Menlo Park and Palo Alto residents living near San Francisquito Creek say a proposed bar at an private club for Silicon Valley entrepreneurs should not be allowed because it is too close to their homes.
BootUp Ventures, the master tenant at the office building at 68 Willow Road in Menlo Park, and its sub-tenant, the Cuckoo's Nest club, are asking the city of Menlo Park to grant a use permit to sell wine, beer and spirits and to allow recreational and social events.
But residents say the buildings, zoned as office space, are not meant for a bar and clubhouse. They are concerned about traffic, noise and parking and the precedent that would be set by granting the permit.
The Cuckoo's Nest name pays homage to the Ken Kesey novel "One Flew Over the Cuckoo's Nest" (Kesey was part of a CIA-funded study on LSD at the Menlo Park Veterans' Affairs Hospital), according to the Cuckoo's Nest website.
The company bills Cuckoo's Nest as a private membership club that brings together startups and a select group of international and local CEOs and investors who want to enjoy each other's company and collaborate.
Marco ten Vaanholt, co-founder and managing partner of BootUp and Cuckoo, said the club has been in the building for two years and has already hosted more than 100 events, using temporary alcohol-service permits, with no complaints.
When BootUp took over the former Willow Garage space in 2014, the company inherited the original use-occupancy permit, which contained both an office and food-service facility. The company turned the food-service operation into a private club to expand socializing between investors, CEOs and startups and with the hope of adding alcohol on a permanent basis.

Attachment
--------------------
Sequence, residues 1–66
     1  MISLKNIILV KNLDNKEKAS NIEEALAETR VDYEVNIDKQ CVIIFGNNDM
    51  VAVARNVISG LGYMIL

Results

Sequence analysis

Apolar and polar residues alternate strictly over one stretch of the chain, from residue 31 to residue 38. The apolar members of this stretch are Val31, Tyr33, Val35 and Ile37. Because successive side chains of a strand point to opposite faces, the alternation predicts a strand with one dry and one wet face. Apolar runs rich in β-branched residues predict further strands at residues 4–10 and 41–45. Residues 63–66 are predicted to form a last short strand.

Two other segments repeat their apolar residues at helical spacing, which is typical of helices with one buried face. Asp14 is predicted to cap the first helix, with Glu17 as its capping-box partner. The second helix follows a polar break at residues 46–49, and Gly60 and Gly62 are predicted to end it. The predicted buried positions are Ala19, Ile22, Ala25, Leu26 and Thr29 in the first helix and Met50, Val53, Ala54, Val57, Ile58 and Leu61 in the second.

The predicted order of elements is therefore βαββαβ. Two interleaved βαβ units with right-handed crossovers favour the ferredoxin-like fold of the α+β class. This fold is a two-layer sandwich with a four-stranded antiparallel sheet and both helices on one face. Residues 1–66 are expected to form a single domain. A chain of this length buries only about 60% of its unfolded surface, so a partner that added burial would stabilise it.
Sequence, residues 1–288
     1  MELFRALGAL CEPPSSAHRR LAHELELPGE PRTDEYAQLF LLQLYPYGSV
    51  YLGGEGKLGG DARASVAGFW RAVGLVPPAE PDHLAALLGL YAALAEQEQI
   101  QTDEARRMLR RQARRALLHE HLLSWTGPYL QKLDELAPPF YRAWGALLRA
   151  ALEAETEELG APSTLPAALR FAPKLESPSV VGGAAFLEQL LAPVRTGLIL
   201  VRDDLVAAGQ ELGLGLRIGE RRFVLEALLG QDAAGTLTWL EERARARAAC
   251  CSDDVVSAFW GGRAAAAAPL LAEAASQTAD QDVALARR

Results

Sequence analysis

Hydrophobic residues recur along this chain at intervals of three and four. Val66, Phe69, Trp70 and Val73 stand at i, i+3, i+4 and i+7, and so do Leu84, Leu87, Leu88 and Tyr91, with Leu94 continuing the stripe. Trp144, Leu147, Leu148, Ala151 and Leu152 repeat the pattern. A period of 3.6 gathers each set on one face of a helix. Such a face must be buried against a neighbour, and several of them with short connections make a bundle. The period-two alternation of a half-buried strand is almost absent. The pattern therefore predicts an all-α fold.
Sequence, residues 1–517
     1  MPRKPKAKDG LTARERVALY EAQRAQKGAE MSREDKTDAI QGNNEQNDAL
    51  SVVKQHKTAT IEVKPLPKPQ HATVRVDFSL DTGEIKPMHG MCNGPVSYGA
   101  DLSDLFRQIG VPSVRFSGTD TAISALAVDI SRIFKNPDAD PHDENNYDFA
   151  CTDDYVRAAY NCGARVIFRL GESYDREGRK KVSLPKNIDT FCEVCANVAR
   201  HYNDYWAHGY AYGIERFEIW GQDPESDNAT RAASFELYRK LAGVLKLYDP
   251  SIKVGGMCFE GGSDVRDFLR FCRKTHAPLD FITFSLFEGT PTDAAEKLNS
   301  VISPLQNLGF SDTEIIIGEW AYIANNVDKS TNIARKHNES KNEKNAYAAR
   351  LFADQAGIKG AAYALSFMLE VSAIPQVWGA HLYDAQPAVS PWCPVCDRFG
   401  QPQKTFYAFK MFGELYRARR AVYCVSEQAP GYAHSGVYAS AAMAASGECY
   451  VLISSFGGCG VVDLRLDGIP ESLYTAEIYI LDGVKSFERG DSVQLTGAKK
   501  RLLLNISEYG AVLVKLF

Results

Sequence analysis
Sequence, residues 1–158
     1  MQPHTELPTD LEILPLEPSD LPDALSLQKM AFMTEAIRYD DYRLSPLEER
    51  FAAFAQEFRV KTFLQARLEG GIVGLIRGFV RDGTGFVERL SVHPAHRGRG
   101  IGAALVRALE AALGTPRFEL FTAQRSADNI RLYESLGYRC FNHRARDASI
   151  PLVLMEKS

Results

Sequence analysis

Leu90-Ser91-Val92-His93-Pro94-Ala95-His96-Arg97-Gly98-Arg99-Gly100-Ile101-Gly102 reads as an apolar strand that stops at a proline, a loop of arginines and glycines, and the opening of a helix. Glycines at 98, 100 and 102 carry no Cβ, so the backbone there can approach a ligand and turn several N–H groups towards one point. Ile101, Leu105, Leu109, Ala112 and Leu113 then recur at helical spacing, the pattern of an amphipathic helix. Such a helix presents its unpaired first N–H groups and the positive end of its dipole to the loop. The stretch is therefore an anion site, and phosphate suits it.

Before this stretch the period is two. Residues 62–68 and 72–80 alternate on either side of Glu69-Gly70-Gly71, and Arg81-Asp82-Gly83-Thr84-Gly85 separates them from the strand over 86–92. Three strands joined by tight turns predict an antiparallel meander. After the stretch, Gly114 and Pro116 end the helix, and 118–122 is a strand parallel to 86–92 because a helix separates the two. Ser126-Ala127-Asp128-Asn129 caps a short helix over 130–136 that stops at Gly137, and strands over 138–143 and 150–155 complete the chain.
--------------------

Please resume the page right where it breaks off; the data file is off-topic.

The private, selective membership helps offset operating costs, Mr. ten Vaanholt said.
The club has an inside dining and bar area with seating for 60 and an outside deck and garden with a capacity for 68 persons, according to the use application. Membership is limited to 900 people, of which 30 percent are international and visit during various times of the year; another 30 percent are from the greater Bay Area, and the remaining 40 percent are from Peninsula counties. Members are restricted to qualified CEOs, investors, entrepreneurs, sponsors and BootUp tenants and their guests.
The club currently serves breakfast, lunch, small-plate snacks and dinner. Its programs include startup-product presentations, private investor presentations and educational seminars. Cocktail receptions are usually from 6 to 9 p.m.; evening events and dinners last until 10 p.m., according to the application.
There's parking for 66 vehicles, and additional parking for 70 is located at the adjacent SRI building. Tenants are generally not on site during the evenings, and many who attend events use Uber and Lyft, the application states.
Mr.ten Vaanholt said that the club streams modern lounge music inside the venue but not outside. On occasion, solo or chamber music performances may take place in the early evening, but most occur inside the building.
But residents living near the club said that their experience has been quite different since the club opened in late 2014. A Palo Alto resident whose home is situated across the creek said his family frequently hears noise from the club's patio.
"The sound carries very well and clearly to our area, and we can hear the murmur of the conversations and even the clicking of glasses or plates. The Cuckoo's Nest club also uses amplification during the events, something that is forbidden in many cities across the Bay Area," he said. "This makes their events unbearable and truly disruptive, especially in such a quiet residential area. One of their last events featured a comedian that resorted to vulgar and crude humor that we certainly did not appreciate."